The Most Revolutionary Act

The Sickness in Our Food Supply

“Only when the tide goes out,” Warren Buffett observed, “do you discover who’s been swimming naked.” For our society, the Covid-19 pandemic represents an ebb tide of historic proportions, one that is laying bare vulnerabilities and inequities that in normal times have gone undiscovered. Nowhere is this more evident than in the American food system. A series of shocks has exposed weak links in our food chain that threaten to leave grocery shelves as patchy and unpredictable as those in the former Soviet bloc. The very system that made possible the bounty of the American supermarket—its vaunted efficiency and ability to “pile it high and sell it cheap”—suddenly seems questionable, if not misguided. But the problems the novel coronavirus has revealed are not limited to the way we produce and distribute…

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Assange Indictment To Criminalize Assistance Provided to Edward Snowden

The Most Revolutionary Act

By Kevin Gosztola

The United States government expanded their indictment against WikiLeaks founder Julian Assange to criminalize the assistance WikiLeaks provided to NSA whistleblower Edward Snowden when staff helped him leave Hong Kong.

Sarah Harrison, who was a section editor for WikiLeaks, Daniel Domscheit-Berg, a former spokesperson, and Jacob Appelbaum, a digital activist who represented WikiLeaks at conferences, are targeted as “co-conspirators” in the indictment [PDF], though neither have been charged with offenses.

No charges were added. However, it significantly expands the conspiracy to commit computer intrusion charge and accuses Assange of conspiring with “hackers” affiliated with “Anonymous,” “LulzSec,” “AntiSec,” and “Gnosis.”

The computer crime charge is not limited to March 2010 anymore. It covers conduct that allegedly occurred between 2009 and 2015.

Prosecutors rely heavily on statements and chat logs from Sigurdur “Siggi” Thordarson and Hector Xavier Monsegur (“Sabu”), who were both FBI informants, in order to…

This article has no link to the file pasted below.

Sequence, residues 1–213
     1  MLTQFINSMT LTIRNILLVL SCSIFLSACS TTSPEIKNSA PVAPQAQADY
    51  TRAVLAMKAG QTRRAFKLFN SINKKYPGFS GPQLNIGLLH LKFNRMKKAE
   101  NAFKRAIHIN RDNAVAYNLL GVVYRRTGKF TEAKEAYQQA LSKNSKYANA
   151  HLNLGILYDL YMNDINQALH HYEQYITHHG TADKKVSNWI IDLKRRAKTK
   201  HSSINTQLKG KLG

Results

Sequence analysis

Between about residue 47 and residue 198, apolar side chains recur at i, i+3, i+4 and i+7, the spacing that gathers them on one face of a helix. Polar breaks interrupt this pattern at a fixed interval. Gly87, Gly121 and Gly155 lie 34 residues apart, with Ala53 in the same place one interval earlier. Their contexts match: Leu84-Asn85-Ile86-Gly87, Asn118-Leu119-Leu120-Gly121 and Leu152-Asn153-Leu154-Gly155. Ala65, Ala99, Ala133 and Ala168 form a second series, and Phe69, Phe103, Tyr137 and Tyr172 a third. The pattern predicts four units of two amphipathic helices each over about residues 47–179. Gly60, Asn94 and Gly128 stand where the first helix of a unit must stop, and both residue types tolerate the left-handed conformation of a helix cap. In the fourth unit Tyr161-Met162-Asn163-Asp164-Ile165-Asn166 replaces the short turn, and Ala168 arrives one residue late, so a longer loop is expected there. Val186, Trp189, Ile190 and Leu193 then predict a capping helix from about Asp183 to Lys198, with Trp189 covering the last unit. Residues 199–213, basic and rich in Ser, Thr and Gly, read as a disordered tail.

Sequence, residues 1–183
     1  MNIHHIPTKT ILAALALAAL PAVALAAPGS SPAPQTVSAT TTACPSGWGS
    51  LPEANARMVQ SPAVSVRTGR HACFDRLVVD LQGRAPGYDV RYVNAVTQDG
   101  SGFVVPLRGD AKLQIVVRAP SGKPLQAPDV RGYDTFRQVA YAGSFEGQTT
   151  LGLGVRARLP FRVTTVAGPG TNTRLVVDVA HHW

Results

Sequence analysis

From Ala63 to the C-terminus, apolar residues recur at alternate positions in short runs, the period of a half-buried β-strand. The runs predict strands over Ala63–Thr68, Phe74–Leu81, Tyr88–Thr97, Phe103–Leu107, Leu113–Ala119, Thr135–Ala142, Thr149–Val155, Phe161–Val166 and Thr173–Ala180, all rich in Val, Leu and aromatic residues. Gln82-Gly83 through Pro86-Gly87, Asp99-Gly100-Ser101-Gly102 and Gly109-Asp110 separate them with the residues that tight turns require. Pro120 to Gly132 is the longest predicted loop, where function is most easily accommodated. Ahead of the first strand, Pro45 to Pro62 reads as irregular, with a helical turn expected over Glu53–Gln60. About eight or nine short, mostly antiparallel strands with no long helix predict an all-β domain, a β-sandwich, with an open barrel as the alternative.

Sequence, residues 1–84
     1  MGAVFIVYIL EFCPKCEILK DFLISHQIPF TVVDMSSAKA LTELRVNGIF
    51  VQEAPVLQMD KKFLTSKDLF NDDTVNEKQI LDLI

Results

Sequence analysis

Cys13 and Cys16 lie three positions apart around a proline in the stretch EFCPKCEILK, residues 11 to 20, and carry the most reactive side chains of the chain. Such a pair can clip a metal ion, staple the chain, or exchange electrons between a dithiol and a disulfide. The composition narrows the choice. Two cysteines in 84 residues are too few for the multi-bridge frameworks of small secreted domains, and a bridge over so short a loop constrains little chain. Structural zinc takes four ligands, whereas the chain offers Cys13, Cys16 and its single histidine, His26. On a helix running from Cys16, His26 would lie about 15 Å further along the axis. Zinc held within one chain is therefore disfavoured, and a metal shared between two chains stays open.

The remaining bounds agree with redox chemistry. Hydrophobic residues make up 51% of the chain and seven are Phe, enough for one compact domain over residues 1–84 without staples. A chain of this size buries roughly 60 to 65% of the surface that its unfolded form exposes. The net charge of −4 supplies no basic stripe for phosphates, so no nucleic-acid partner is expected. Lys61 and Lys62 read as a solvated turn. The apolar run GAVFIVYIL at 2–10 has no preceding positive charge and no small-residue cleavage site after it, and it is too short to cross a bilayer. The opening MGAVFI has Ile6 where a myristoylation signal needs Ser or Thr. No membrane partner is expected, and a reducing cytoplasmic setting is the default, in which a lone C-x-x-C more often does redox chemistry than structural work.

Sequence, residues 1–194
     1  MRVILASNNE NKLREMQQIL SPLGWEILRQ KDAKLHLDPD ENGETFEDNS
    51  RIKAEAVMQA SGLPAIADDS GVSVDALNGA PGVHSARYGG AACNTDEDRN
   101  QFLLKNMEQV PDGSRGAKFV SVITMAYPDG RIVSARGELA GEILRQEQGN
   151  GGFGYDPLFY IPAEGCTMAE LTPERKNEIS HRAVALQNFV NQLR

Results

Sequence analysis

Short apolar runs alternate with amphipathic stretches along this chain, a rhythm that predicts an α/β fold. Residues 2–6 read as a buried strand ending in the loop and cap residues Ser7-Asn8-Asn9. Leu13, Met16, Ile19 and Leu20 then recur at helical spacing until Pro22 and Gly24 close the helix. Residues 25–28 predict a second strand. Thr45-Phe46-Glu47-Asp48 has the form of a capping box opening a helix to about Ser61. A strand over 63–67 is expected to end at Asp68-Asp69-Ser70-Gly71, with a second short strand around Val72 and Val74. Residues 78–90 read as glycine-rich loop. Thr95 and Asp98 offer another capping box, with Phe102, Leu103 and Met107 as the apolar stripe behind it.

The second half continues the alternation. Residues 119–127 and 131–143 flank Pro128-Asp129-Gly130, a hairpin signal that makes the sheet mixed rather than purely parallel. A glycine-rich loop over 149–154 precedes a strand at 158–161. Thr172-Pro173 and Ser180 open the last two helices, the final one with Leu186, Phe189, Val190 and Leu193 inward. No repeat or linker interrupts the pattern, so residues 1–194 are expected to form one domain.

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Trump ‘white power’ retweet condemned by Black Republican senator

US President Donald Trump has drawn criticism from the lone Black Republican in the United States Senate after retweeting a video showing one of his supporters in Florida shouting “white power” at people protesting against his administration.

The video, retweeted by the president on Sunday, shows Trump protesters and supporters shouting profanities at each other in a sprawling retirement community. After a protester calls a Trump supporter a racist, the man, driving a golf cart, responds by raising his fist and shouting “white power”.

The phrase is a common rallying cry among white supremacists.

“There’s no question that he should not have retweeted it and he should just take it down,” US Senator Tim Scott told CNN’s State of the Union programme.

“It was so profanity-laced, the entire thing was offensive. Certainly, the comment about the white power was offensive,” the South Carolina Republican added. “It’s indefensible. We should take it down.”

The tweet comes on the heels of Trump’s hostile response to protests against racial injustice that have spread across the US following the death of George Floyd, an unarmed Black man who died after a white police officer knelt on his neck for almost nine minutes in Minneapolis in late May. 

In the tweet, which has since been deleted, Trump wrote: “Thank you to the great people of The Villages,” referring to the retirement community, which he visited last year.

‘Tremendous enthusiasm’

In a brief statement, White House spokesman Judd Deere said: “President Trump is a big fan of The Villages. He did not hear the one statement made on the video. What he did see was tremendous enthusiasm from his many supporters.”

Trump has been accused of racism by legislators in relation to his tweets in the past, including for attacks on Black legislators and for telling four Democratic congresswomen of colour that they should “go back and help fix the totally broken and crime-infested places from which they came”.